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What Proponents Have Gotten Wrong About Common Core

By    |   Wednesday, 27 May 2015 02:36 PM

The effectiveness of Common Core standards is the most controversial education debate of the Obama administration. It receives support, and criticism, from both liberals and conservatives. 

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Here are the top things proponents have gotten wrong about Common Core.

Common Core is not a curriculum.
Proponents for Common Core frequently assert this, pointing out that schools are free to choose and shape their own curricula, with competencies set out by Common Core as the goal.

However, many of the guidelines imposed by Common Core have specific do prescribed teaching methods. Education expert Frederick M. Hess writes in an article in the National Review, “The Common Core explicitly emphasizes a notion of math instruction that I think of a ‘picture-driven arithmetic.’ That’s why all students are being asked to draw the answers at such great length, even when it may seem unnecessary or inappropriate.”

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Hess also argues that since 70 percent of high school reading must be “informational” text, as opposed to literary, non-English subjects are burdened. "Now, it’s possible that having chemistry students read EPA reports rather than do labs is a better way to teach science, but there’s certainly no evidence proving the point," Hess writes.

While proponents support Common Core as a guideline, it is clear that these guidelines do in fact have curriculum consequences.

States voluntarily adopted the program.
A major point of dispute surrounding Common Core is the state’s role with these guidelines. When Common Core was developed, adoption of it was linked to funding benefits.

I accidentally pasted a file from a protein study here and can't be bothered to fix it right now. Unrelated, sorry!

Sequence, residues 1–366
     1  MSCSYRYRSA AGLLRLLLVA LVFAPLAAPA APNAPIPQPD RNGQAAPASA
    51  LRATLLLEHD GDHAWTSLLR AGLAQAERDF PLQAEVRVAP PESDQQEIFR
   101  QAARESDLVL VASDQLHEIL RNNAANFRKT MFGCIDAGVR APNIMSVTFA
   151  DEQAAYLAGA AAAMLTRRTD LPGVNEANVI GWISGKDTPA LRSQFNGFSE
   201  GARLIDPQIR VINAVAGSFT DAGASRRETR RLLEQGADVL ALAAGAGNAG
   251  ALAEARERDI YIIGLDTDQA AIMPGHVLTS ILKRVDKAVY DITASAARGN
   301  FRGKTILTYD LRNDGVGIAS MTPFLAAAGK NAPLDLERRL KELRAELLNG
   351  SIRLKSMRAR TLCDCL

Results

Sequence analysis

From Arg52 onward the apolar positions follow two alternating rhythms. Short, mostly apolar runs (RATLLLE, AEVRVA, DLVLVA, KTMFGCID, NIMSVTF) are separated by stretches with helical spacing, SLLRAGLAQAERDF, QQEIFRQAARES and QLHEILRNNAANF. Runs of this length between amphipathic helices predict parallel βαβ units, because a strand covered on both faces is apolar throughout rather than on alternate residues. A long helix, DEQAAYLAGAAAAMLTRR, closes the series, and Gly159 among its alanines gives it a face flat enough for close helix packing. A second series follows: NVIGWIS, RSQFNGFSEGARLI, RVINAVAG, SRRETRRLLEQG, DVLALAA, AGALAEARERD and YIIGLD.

Conservative commentator Glenn Beck argued with a National Review article that said states voluntarily accepted this program, rather than were coerced, as many critics claim. Beck said, “Yes, some argue that states were coerced because they were coerced. $4.35 billion was earmarked for states who would take the bait. The money was offered in the stimulus package and, of course, 45 states immediately jumped on it.”

The Common Core creates students that are “college- and career-ready.”
As Hess debates in an opinion piece in the National Review, proponents of the Common Core support its preparation for future education and life skills. Yet, the Common Core does not include math topics such as pre-calculus and calculus.

Many proponents retort that the Common Core is simply “a floor, not a ceiling,” yet teachers are evaluated on how students perform on the test. Therefore, those requirements supersede any supplemental and further learning.

Vote Here: Is Common Core Good or Bad for Schools?

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The effectiveness of Common Core standards is the most controversial education debate of the Obama administration.
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Wednesday, 27 May 2015 02:36 PM
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